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China’s economy is struggling, but resilient [Copy link] 中文

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Post time 2016-7-21 09:46:01 |Display all floors

China's National Bureau of Statistics released economic data for the first half of 2016 in mid-June. In general, there are a few economic bright spots, but they look small compared to the country's economic challenges, that suggest there will be a number of difficulties in China's economic prospects.
Analysis of the economic data points out four positive trends in the country's economy.
First, China's economic growth hasn't completely stalled. The economy grew 6.7 percent in the second quarter, the same as the previous three-month period, putting a halt to the declining trend seen in the six previous quarters. Yet, it remains to be seen whether this is the start of a modest recovery. Amid a weak international economy and with China's transition to a new normal, it won't be easy to achieve a consistent growth rate.
Second, China's economic structure has been optimizing. On the supply side, growth in the country's tertiary sector for the second quarter stood at 7.5 percent, more than 1 percent higher than the secondary sector which posted growth at 6.3 percent. On the demand side, household consumption has continued to steadily increase, with retail sales in June growing to 10.6 percent, up from 10 percent in May.
Third, in looking at the consumer price index (CPI) and producer price index (PPI) over the past months, the gap between the price for consumer goods versus price for the products leaving factories has narrowed, which is a good sign for future economic growth.
Fourth, signs to stabilize the yuan exchange rate have surfaced. The yuan has faced even greater depreciation pressure following the UK referendum result. But such behaviors suggest that the new working mechanism of the exchange rate has become increasingly transparent and predicable. Amid global uncertainties, China increased foreign reserves in June, demonstrating that as long as China does not panic over yuan depreciation or capital flight, the monetary authority will find it less necessary to intervene in the exchange rate.
But the bureau's report shows that there are a number of economic challenges that will need to be addressed.
Private investment appears to be in freefall, mainly as a result of the overall slump along with pessimistic sentiment from Chinese entrepreneurs. From January to June, China's nominal fixed-assets investment growth from the private sector fell to a record low of 2.8 percent. During the same period, the percentage of private investment for all fixed-assets investment, excluding rural households, dropped to 61.5 percent, a new low in recent years.
The property investment growth has also taken a downward trend. Property and infrastructure investment both proved to be key drivers that helped sustain growth in first half. But statistics show that the nominal growth of property investment year-on-year has fallen since April. From January to April, the nominal growth of property investment was at 7.2 percent while the growth rate declined to 6.1 percent during the January to June period, which is lower than the 9 percent for total nominal growth of fixed-assets investment excluding rural households during the same six-month period. In this regard, it will be difficult to boost the economy through reliance on infrastructure investment.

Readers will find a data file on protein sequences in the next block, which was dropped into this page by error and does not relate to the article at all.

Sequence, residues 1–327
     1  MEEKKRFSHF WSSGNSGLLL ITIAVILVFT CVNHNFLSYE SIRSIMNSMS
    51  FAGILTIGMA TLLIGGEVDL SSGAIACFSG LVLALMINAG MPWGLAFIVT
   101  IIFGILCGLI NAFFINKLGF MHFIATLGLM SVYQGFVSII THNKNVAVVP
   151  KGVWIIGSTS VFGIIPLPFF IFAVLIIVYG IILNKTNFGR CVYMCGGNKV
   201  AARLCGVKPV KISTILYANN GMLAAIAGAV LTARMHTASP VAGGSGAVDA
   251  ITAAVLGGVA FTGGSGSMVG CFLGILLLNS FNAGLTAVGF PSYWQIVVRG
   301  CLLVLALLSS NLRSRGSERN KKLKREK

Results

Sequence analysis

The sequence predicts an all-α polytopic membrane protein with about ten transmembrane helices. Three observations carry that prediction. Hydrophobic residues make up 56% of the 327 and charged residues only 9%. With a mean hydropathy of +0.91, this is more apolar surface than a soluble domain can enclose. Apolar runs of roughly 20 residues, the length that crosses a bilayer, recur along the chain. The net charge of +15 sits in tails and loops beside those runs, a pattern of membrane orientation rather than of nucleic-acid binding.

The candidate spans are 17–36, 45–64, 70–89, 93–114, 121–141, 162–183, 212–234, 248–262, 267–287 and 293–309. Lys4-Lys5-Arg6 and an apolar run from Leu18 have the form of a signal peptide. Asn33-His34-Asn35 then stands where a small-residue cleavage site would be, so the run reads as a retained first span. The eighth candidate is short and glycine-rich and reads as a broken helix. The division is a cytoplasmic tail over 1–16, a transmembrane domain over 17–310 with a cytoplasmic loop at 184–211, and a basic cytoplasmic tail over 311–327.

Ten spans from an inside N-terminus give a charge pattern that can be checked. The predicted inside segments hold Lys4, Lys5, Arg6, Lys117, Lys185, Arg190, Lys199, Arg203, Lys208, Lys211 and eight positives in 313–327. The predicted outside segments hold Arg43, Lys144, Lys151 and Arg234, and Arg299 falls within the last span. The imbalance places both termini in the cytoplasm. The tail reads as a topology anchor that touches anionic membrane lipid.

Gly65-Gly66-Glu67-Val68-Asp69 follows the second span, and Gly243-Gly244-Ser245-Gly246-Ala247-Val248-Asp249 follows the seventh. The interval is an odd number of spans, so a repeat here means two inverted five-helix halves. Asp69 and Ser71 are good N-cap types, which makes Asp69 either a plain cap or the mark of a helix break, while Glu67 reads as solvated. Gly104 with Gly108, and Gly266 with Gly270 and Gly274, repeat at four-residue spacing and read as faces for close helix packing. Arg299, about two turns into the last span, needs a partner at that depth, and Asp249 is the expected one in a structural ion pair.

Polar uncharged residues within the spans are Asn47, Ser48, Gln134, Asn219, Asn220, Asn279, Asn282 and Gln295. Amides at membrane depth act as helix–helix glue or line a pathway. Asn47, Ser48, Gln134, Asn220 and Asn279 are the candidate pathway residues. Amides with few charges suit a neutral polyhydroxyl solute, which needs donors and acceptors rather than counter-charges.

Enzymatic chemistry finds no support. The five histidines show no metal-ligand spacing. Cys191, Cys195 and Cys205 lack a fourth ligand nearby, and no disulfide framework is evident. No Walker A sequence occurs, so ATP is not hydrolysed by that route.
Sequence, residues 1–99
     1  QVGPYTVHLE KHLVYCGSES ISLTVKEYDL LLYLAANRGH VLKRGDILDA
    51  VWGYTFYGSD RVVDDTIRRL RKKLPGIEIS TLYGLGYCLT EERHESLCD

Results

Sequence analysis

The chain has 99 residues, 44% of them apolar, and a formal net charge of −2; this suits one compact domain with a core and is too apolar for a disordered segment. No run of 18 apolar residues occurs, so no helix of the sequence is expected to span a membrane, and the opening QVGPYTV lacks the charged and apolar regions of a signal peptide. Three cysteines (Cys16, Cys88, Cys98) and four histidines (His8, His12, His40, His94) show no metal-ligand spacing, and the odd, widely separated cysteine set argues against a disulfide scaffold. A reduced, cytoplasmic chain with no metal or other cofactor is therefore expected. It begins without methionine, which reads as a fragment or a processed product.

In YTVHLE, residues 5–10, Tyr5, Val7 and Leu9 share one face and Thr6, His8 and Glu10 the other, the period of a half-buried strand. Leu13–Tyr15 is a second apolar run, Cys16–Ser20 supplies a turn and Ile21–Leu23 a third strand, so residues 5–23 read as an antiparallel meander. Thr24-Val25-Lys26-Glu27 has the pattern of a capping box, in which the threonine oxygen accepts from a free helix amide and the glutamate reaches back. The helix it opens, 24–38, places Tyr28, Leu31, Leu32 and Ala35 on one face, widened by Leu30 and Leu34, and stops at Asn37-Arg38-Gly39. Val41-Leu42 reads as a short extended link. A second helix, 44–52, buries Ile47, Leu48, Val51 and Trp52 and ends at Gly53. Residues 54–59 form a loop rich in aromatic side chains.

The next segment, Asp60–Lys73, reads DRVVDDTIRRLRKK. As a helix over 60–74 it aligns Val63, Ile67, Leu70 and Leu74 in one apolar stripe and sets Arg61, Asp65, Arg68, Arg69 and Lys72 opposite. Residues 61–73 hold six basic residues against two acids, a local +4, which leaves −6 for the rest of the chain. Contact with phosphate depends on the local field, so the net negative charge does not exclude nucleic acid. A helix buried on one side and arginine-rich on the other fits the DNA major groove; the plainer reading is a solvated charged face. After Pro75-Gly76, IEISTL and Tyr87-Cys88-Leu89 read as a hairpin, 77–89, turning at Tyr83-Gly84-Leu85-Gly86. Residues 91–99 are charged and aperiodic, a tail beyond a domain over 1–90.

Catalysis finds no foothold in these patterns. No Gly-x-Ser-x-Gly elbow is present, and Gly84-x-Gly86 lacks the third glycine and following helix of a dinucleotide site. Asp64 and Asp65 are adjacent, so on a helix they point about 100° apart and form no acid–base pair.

Over the first six months, the outlook for exports became negative. In dollar terms, exports in June fell 4.8 percent year-on-year, and imports during the same period declined 8.4 percent, leading to a   surplus of $48.1 billion. The circumstance of a large decrease in imports and weak demand, indicate that this is a recessive-type trade surplus. In the second half, as the global economy is likely to continue to be sluggish and the world's currencies are expected to undergo competitive devaluations, it will be difficult to achieve growth in exports.
The government also faces increased pressure from fiscal expenses and fiscal revenue. The country's fiscal revenue for June rose 1.7 percent year-on-year, one of the lowest growths in years. Meanwhile, China's fiscal spending for June grew by 19.9 percent year-on-year. Data show that China is expected to face greater fiscal pressure in the second half.
Lastly, the incremental effect of monetary and credit policies is reducing. As the central bank has continuously released liquidity into the financial system, yuan-based bank loans issued in 2016's first half stood at 7.53 trillion yuan ($1.13 trillion), an increase of 967.1 billion yuan from a year earlier. But there is a severe reluctance to make loans to companies from traditional industries.
Meanwhile, the weak economy has meant there is a diminished financing demand from companies. In this regard, the enormous credit injection hasn't been directed to companies and the real economy, while the effect of loosened credit policies has grown weaker.
The risk that China's economic growth will stall and that the economy will head for a hard landing is slim. But undeniably, the outlook for the second half of the year is tough. Restoring the confidence of private entrepreneurs will depend on the implementation and execution of existing policies.
The author is the director of the Macroeconomic Center at the Suning lnstitute of Finance. (the Global TImes)

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Post time 2017-8-13 08:06:49 |Display all floors
Good summary.

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